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Add a College Minor to Get your Foot in the Door

african american maleMany college students consider whether or not to add a college minor to their Bachelor’s degree.  Despite the potential benefits, before you add a college minor think about the extra coursework, additional time in college and the potential additional costs.  Here are some of the potential job search advantages if you add a college minor.

Why add a college minor?

1. Students who add a college minor get additional preparation in a complementary area without adding the extra time needed to complete a double major. Students can complete all the requirements to fulfill a college minor, by selecting elective courses wisely. Eg. Business major with a minor in Marketing. You might have to take a Marketing class anyway, so why not take a few more marketing courses and complete a college minor.

2. A college minor can be the way to add some practical skills to a broad based college degree. For example, if you are a Hospitality major, why not do a college minor in Accounting?  The college minor could be the way to get your foot into a company or industry.

3. College students can add a college minor to get basic knowledge of an emerging industry or an industry with projected high job growth. Eg. Computer Science major who chooses to minor in  Social Media Marketing or Mobile Technology.

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Top 20 Hot Jobs for Veterans 2014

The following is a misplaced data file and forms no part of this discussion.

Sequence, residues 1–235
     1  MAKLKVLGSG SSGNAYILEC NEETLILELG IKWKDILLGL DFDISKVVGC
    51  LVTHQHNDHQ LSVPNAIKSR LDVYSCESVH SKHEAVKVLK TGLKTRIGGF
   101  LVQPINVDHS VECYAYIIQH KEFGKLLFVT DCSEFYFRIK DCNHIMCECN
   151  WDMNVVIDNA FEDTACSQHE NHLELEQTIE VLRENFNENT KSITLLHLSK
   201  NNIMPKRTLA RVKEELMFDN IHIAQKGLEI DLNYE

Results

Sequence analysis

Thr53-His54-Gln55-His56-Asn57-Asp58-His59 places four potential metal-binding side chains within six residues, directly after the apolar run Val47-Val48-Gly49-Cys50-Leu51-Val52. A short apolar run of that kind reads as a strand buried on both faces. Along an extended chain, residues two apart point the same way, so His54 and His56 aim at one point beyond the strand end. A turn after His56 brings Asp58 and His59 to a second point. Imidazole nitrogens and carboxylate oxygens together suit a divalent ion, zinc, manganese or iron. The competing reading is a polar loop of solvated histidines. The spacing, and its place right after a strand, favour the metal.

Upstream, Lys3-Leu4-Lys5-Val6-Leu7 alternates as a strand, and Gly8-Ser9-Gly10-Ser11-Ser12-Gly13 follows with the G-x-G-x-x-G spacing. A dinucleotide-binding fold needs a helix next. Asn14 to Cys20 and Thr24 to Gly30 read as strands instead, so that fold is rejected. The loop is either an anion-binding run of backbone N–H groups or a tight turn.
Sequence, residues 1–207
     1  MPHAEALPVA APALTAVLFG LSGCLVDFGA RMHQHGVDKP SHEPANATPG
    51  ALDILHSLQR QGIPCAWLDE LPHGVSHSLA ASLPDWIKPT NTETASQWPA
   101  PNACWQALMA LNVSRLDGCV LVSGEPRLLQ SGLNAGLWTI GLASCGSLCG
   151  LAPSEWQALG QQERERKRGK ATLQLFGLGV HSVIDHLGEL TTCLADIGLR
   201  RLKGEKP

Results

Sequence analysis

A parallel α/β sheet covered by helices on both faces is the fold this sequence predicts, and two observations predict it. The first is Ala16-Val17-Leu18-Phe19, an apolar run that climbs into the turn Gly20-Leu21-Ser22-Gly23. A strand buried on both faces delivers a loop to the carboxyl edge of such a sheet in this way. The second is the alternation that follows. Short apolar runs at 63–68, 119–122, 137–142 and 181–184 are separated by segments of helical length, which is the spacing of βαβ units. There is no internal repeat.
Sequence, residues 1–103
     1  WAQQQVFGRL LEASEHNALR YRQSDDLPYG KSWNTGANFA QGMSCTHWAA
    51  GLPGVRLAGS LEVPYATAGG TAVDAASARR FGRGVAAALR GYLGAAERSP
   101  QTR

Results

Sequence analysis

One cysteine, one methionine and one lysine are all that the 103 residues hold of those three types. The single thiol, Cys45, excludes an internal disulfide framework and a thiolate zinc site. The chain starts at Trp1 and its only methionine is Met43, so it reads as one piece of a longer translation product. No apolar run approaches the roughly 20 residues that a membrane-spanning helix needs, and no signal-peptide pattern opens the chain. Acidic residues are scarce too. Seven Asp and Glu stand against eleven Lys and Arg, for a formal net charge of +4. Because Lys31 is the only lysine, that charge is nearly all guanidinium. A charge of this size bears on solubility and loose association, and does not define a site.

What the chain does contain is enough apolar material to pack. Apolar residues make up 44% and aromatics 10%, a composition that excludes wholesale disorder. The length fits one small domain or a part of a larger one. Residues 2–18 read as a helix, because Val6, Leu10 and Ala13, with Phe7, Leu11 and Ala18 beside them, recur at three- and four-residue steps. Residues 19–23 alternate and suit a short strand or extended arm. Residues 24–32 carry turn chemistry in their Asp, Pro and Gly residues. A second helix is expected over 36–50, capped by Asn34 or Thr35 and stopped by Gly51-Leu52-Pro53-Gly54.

HotJobs_HeaderThousands of United States Veterans returning from active duty are in the job market right now.  This list of hot jobs for veterans has been assembled by G.I. Jobs website.  Like most job seekers, Veterans are attracted to industries with a high number of vacancies.  Many of these vacancies attract veterans with a broad skills set who could benefit from on-the-job or more formal training.  These hot jobs are jobs with good paying salaries with many existing job openings.  The G.I. Jobs website is a great resource and consistently publishes either an annual list of the 50 Top Jobs for Veterans or lists of Hot Jobs like this one.

What’s on the Hot Jobs list for 2014?

Here are the six jobs on the list of Top 20 Hot Jobs for Veterans in 2014.  Find the complete list here.

  • IT Specialist
  • Operations Managers
  • Engineers
  • Logisticians
  • Customer Service Managers
  • Manufacturing Technicians